NZ has duty to support Muslim community, says Ardern at memorial for Christchurch mosque attacks

Published March 13, 2021
New Zealand's Prime Minister Jacinda Ardern speaks at a National Remembrance Service in Christchurch on March 13. — AP
New Zealand's Prime Minister Jacinda Ardern speaks at a National Remembrance Service in Christchurch on March 13. — AP
Police officers stand guard outside Al Noor Mosque in Christchurch on March 13. — AFP
Police officers stand guard outside Al Noor Mosque in Christchurch on March 13. — AFP

New Zealand Prime Minister Jacinda Ardern told an emotional memorial service marking two years since the Christchurch mosque attacks that the country had “a duty” to support its Muslim community.

Hundreds of people turned out for the service, held amid tight security, to remember the 51 people killed and dozens wounded when a heavily armed gunman opened fire in two mosques on March 15, 2019.

During the service, the names of each of the 51 people who were killed were read out. The efforts of first responders, including police and medics, were also acknowledged.

Temel Atacocugu, who was shot nine times in the face, arms and legs, wept as he recalled waiting to be treated with the father of three-year-old Mucaad Ibrahim when they learned the toddler had died.

“Suddenly, my pain seemed insignificant,” he said.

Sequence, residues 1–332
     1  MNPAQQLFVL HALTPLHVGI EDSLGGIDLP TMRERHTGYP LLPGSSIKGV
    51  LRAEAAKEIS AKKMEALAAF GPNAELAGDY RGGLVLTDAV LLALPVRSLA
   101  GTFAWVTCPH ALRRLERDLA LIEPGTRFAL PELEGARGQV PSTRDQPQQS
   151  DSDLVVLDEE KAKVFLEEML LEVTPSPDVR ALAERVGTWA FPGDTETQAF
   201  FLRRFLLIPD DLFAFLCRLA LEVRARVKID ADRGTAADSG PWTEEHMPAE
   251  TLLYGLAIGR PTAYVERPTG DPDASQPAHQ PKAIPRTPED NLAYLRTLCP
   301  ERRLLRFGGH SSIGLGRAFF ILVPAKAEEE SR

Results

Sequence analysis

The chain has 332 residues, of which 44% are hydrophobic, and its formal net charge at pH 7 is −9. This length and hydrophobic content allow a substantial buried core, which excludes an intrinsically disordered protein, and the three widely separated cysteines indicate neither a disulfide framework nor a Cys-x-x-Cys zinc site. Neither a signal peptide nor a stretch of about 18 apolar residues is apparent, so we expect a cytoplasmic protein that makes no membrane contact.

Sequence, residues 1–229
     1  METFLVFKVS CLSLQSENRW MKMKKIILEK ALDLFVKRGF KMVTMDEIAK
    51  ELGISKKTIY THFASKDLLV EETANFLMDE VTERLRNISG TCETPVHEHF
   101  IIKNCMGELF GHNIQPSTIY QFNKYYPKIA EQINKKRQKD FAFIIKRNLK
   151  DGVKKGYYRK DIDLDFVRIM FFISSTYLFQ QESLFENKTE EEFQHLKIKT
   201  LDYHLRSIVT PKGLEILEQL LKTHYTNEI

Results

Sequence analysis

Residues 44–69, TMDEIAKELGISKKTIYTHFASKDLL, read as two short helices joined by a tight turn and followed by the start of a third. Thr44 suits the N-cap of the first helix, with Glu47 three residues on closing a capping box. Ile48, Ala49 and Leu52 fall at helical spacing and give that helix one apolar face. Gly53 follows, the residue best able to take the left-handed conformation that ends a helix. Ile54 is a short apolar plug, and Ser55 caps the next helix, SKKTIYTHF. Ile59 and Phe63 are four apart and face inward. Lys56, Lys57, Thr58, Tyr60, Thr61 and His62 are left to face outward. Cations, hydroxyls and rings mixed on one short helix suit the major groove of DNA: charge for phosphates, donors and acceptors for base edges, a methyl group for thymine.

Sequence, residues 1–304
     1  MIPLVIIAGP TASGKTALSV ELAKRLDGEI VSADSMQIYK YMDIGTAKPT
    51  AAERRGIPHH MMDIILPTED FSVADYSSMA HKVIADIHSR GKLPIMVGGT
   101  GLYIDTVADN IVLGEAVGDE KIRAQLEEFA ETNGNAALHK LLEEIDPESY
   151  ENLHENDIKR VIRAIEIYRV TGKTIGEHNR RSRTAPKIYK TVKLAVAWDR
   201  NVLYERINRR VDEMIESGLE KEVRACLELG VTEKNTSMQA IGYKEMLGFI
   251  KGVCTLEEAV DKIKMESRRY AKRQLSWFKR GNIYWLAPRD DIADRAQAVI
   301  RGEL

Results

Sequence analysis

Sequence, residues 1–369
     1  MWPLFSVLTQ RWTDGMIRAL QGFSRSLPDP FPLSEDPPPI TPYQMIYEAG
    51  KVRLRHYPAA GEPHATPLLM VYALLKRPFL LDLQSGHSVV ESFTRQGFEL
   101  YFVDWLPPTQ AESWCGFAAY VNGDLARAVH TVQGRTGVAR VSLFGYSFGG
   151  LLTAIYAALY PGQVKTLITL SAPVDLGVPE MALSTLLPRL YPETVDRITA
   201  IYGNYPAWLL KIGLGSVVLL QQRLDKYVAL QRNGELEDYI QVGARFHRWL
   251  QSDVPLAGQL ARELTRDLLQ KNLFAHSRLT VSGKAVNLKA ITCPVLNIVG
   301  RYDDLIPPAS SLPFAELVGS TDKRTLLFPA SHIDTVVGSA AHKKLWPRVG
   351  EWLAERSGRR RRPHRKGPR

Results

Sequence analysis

Ardern, who was widely praised for the compassion shown to survivors and the families of the victims of the shooting and her swift move to tighten firearms control in New Zealand, said words “despite their healing power” would never change what happened.

“Men, women and children [...] were taken in an act of terror. Words will not remove the fear that descended over the Muslim community,” she said, adding the legacy should be “a more inclusive nation, one that stands proud of our diversity and embraces it and, if called to, defends it staunchly” .

"There will be an unquestionable legacy from March 15," Ardern said. "Much of it will be heartbreaking. But it is never too early or too late for the legacy to be a more inclusive nation."

Atacocugu said it was a miracle he was still alive.

“I have since had seven major surgeries and there are more to come. I will carry lots of shrapnels in my body for the rest of my life. Every time I have an X-ray it lights up like a Christmas tree.”

Kiran Munir, whose husband Shaheed Haroon Mahmood was killed in the attack, told the service that the best revenge was to “not be like the enemy".

"We are learning to rise up again with dignity and move forward as best we can.”

The gunman, self-proclaimed white supremacist Brenton Tarrant, was arrested minutes after the attacks on the Al Noor mosque and Linwood Islamic Centre.

He pleaded guilty to 51 charges of murder, 40 of attempted murder and one of terrorism, and was sentenced last year to life imprisonment without parole, the first time a whole life term has been handed down in New Zealand.

Last week, police arrested a 27-year-old man in Christchurch and charged him with threatening to kill following online threats to the same two mosques.

During the memorial service, armed police were stationed outside the venue and a sniffer dog checked the bags of people entering the building.

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